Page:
The comments brought up a lot of debate on whether there would be pizzas served on any of the other days and also wondered if their current employers can adopt such perks for them.
When asked about the popularity of the post on LinkedIn, Fery said that he loves using LinkedIn to share his insights and knowledge. He built Search Intelligence Ltd from three employees to a team of nearly 40 people within a year.
He went on to say that the post on LinkedIn had really struck a chord with people on LinkedIn, and it was evident that the 4-day work week was a trending topic.
There was a lot of excitement at the company about the introduction of a 4-day work week, as it gave everyone a better work-life balance, which allowed them to be more productive within the four working days, Monday to Thursday.
Some interesting reactions to the post included:
“Cue Search Intelligence Ltd.’s inbox going into meltdown with CV’s 😂 great to see another company introducing a modern, forward-thinking, people-centric benefit that offers genuine value to their teams”
“I think it’s amazing that you’ve organized your team to be able to work a 4-day week, deliver for clients, and give your team the time they need and undoubtedly deserve, to live their lives!”
“If I ever became an employee again, this is the type of company I’d like to work for!”
Now you may be wondering how Fery Kaszoni built up a company from 3 employees to 40 in less than a year. You may also be wondering how he gets such interesting and viral results to boost the marketing and link building efforts of his clients.
The secret behind this success is a process known as REACTIVE PR LINK BUILDING.
Before we talk more about Fery Kaszoni, we should understand what Reactive PR is, and see how it can be a powerful tool, especially for link building and creating viral content.
What is Reactive PR LINK BUILDING?
In a nutshell, Reactive PR Link Building can be described as the process of finding, or creating a trending story, and then using that to create links to a website or blog.
However, there is a lot more that goes into the process, so let us break it down a little bit.
Does anyone, who is not directly involved in the PR industry understand what it is all about? Definitely, almost everyone has heard of the word public relations, but very few, outside the industry insiders understand the ins and outs of PR.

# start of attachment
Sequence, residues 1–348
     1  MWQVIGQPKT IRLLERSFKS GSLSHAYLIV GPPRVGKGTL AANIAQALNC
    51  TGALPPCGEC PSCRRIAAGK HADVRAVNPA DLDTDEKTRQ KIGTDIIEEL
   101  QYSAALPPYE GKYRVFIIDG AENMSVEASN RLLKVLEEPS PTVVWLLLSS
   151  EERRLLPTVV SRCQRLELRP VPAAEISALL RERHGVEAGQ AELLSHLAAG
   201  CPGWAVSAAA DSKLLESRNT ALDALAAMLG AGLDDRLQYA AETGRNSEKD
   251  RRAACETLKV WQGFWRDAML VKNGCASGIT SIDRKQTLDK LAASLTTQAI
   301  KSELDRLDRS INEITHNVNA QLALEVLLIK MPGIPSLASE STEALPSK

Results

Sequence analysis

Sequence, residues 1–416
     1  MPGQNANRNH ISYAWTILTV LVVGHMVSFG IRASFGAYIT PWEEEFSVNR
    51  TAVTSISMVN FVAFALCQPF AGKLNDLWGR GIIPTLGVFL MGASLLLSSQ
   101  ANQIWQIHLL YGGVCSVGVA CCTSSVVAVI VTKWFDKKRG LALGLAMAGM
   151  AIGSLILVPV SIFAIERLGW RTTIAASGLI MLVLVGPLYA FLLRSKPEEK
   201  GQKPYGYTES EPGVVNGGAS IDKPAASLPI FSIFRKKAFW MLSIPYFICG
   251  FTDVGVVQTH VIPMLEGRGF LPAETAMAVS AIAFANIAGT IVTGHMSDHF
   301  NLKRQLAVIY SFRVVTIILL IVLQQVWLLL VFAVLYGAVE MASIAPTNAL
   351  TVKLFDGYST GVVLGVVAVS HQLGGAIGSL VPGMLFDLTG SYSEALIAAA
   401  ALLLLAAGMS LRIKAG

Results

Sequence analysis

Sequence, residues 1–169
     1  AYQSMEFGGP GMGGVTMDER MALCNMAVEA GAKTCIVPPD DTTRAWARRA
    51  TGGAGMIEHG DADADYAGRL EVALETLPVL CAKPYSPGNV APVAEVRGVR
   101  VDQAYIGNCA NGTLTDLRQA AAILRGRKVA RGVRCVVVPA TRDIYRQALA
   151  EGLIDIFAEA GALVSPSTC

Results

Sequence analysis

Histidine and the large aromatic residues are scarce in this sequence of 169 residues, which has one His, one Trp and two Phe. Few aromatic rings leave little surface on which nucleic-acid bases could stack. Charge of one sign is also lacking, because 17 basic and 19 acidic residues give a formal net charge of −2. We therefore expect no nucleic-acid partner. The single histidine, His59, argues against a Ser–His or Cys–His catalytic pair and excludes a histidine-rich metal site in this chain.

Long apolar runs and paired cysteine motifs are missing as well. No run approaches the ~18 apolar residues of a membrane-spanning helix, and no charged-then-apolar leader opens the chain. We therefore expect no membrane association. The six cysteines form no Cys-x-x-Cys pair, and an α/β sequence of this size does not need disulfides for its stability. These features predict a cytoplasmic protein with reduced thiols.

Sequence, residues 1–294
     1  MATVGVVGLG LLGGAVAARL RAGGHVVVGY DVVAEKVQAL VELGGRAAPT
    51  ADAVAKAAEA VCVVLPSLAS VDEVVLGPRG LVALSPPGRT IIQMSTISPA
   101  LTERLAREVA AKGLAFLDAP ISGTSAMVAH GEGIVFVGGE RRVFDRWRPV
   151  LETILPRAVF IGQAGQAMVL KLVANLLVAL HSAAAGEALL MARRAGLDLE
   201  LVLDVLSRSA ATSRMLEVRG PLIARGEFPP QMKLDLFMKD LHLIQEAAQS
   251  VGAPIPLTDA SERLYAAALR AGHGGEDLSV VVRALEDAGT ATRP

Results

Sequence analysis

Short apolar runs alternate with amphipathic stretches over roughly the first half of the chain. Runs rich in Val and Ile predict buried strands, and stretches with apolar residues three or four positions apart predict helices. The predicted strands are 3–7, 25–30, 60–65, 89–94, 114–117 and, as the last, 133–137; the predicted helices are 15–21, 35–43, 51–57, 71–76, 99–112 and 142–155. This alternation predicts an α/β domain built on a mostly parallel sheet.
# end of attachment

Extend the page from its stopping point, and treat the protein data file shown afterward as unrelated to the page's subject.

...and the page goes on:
There are two distinct categories of public relations;
- Reactive PR
- Proactive PR
An organization will choose between the two based on the circumstances and goals of its PR campaign.
For example, in cases where a company wants to manage a crisis, or drive up its SEO, reactive PR is the best way to go.
In cases where a company wants to have long-term growth, the Proactive PR is the best choice.
Describing Public Relations
Public Relations campaigns can be challenging and complex and use several methods to achieve their goals. However, in its basic form, PR is just about how a company relates and shares itself with the public.
Advertising, Press Releases, and Branding are all crucial aspects of PR. PR also includes the ways companies build relationships with one another for mutually beneficial purposes.
The term advertising in PR does not refer to commercials and billboards, but to the more subtle form of advertising a business. This is perhaps one of the main reasons why many people don’t understand PR.
This means that the goal of a PR advertising campaign is not to blast commercials, but to turn the public into your advertisement. This means getting the public to talk about your business and spreading the word by mouth, personal recommendations, etc.
The Crucial Importance of Public Relations
Public Opinion is powerful, and it can make or break a company.
It can take about 2 hours to confirm a true rumor, but it would take about 14 hours to prove a false rumor.
Mass boycotts have been known to drive companies into the ground within a month or two.